Whenever the topic of abortion comes up, I always visualize in my head a person arguing with a wall because I think whether if you’re for it or against it, it is a “lose” “lose” argument.
People have such strong opinions on the topic of abortion that it’s difficult for one to understand the other. It’s been my experience that people who are pro-life will never support pro-choice and people who are pro-choice will never support pro-life. There are times when I research the pro-life section of the argument and I find myself agreeing to everything it stands for. The same thing goes for when I research the pro-choice section of the argument and agree with everything that stands for.
Nobody ever wins. Everybody has his or her belief and judgment on the topic and I don’t think there will ever be a middle ground, just the hope to respect each other’s decisions.
It is a difficult topic to discuss and I’m probably opening doors to backlash for what I’m about to write. However, just like everybody else, I have my own opinions and beliefs on abortion and can only hope to not be judged. Without getting too into the legal details of abortion, parental consent for pregnant minors and adoption being an option, I am solely stating why I choose to be pro-choice.
I grew up in a conservative Catholic family that I am truly blessed to have. I was baptized, had my first communion, confirmation and went to church every weekend. I grew up in this safety net of family and faith. I hardly had anything to worry about because I knew my family was always going to be there for me no matter what. I always felt safe and that feeling of safety allows me to never fear whatever decisions I made in my life.
Throughout high school I saw many young girls pregnant. Rumors were going around between mutual friends of who got who pregnant and how shameful it will be for that girl’s family. There was even a rumor of one girl who was forced by her parents to have an abortion because her parents disapproved of her pregnancy. During that time in high school, I had little knowledge on abortion. It was a taboo topic and the only way I knew about it was when a friend of mine showed me pictures of the procedure during a P.E. class. She thought she was pregnant and if she was, then she would have an abortion. I didn’t want to judge her. I just sat there on the bleachers with the papers in my hand thinking how hard it will be for her. Then I started to wonder, what if it was me?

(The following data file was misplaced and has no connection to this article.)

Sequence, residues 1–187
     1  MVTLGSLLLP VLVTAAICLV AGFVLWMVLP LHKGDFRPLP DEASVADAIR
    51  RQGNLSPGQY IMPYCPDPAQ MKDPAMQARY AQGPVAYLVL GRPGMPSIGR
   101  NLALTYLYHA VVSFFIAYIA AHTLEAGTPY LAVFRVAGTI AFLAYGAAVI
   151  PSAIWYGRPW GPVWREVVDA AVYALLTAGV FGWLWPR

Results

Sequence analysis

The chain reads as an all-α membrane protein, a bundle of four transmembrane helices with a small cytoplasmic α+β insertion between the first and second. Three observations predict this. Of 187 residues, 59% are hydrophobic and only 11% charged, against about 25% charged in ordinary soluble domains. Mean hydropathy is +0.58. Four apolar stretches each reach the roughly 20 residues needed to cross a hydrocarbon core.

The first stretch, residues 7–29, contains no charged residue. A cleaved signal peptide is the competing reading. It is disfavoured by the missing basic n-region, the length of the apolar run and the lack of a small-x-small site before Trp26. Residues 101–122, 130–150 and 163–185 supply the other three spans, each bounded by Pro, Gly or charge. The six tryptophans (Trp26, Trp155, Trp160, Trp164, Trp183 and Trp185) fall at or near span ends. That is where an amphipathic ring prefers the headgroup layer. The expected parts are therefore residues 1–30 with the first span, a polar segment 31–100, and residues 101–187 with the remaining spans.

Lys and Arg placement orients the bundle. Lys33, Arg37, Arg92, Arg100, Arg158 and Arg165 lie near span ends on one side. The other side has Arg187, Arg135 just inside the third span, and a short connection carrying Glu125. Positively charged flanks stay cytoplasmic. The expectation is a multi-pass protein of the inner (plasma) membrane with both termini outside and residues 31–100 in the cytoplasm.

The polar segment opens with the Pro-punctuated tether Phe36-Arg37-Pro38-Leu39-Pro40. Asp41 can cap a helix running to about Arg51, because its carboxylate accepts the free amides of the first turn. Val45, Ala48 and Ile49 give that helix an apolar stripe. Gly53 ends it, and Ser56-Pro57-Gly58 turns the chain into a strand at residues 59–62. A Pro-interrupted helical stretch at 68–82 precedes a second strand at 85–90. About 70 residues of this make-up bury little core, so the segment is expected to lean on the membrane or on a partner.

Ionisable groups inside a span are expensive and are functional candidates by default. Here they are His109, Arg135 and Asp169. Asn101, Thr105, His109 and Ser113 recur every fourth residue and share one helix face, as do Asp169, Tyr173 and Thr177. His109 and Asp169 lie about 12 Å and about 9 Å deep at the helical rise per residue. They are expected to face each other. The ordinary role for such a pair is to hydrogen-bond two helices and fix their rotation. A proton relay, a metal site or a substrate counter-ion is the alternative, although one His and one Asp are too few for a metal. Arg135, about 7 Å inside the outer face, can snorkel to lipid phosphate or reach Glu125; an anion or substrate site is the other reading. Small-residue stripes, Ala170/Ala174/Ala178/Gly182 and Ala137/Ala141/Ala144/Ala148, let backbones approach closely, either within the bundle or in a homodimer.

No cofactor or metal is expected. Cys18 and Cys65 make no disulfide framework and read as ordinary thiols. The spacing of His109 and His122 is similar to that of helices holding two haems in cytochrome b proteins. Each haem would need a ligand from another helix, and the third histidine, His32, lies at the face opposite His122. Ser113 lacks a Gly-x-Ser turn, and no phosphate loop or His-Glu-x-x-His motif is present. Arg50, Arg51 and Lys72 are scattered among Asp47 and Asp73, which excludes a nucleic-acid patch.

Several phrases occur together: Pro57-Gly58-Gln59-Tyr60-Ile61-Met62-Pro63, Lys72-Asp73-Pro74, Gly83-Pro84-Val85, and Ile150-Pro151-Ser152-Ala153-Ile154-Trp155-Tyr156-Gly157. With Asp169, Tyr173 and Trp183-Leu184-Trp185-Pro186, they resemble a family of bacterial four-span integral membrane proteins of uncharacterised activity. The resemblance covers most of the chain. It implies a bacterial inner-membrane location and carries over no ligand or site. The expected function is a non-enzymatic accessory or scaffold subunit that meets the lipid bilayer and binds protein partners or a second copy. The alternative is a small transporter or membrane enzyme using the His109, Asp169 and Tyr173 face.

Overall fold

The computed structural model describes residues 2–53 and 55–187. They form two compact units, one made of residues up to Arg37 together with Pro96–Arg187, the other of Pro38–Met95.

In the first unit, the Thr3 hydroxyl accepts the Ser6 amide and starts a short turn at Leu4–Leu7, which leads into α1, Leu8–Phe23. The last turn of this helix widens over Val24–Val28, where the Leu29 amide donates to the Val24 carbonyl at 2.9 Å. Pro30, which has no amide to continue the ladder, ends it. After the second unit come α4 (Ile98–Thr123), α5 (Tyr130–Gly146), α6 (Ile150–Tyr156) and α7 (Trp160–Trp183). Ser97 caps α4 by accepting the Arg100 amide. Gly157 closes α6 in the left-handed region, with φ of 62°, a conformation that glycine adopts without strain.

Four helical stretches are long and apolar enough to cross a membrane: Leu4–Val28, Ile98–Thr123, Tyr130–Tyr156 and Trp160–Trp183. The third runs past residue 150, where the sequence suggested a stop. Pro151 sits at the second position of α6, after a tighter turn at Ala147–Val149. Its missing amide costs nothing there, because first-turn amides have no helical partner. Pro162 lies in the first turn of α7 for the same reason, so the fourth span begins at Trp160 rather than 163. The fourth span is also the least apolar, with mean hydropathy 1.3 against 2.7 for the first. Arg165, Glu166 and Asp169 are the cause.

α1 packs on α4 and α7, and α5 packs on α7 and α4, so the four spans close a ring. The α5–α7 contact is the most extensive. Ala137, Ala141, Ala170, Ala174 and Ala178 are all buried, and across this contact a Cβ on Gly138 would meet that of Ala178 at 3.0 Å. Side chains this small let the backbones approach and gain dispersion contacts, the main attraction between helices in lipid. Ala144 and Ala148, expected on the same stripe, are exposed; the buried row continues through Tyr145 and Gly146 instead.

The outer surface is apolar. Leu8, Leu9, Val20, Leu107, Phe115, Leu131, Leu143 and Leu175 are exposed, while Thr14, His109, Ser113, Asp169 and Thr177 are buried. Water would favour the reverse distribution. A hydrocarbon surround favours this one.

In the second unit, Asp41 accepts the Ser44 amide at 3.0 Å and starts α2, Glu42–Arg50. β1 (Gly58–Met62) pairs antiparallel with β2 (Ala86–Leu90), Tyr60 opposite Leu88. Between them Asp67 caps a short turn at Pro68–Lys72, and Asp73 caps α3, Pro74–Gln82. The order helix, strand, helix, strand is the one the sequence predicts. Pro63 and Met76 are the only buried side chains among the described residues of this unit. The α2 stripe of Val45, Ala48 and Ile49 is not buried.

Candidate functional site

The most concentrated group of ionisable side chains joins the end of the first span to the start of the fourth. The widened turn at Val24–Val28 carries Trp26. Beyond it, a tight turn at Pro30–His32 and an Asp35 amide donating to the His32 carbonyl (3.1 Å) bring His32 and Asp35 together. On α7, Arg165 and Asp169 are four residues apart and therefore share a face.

Given the fact that I was as innocent as the Virgin Mary in high school because of my strict religious upbringing and always listening to my mother, I still wondered what would I have done if I got pregnant that young. Could I handle having an abortion?
I knew that I couldn’t have one. I knew because I had my family to help me. I knew they would be there for me and help me with this unexpected child I was about to bring into this world. But what about my friend? Her boyfriend wanted nothing to do with her, so they broke up. She’s an only child of a single mother who works full time making minimum wage and they didn’t have a close mother-daughter relationship. She didn’t have the kind of support I have with my family so who am I to tell her she shouldn’t have an abortion because I was certain her family would be there for her, like mine would be there for me. Fortunately, she wasn’t pregnant and was a lot more careful after that to make sure she didn’t have to have one.
It’s really easy for someone who is against abortion to yell “Murderer!” at someone who is walking into an abortion clinic. It’s easy for that person to judge and criticize the person who is in what probably feels like a hopeless position. It’s easy for that person because that person knows exactly what they would do if they were to unexpectedly get pregnant. Like me, that person probably has all the love in the world from their family, steady income and knows what to adjust in her life to fit this unexpected baby. But take all of that away. Take away the supportive boyfriend/husband, the steady income, the supportive family, the spacious house where there would be plenty of room for a baby. Maybe then there can be an understanding as to why women choose to have an abortion.
I choose to be pro-choice because I don’t know what it’s like to unexpectedly get pregnant even after being careful, after having no one to support me, no family to help and no high enough income to financially support myself and a baby. I don’t know what it’s like to have a pregnancy cause a health risk to my body or even getting pregnant by rape. I don’t know what it’s like to make this difficult and personal decision, so how can I be against something I’ve never experienced? Ultimately, I am pro-choice because I believe it is a woman’s right to make decisions on her own body. No form of government or organization should ever take this right away from a woman.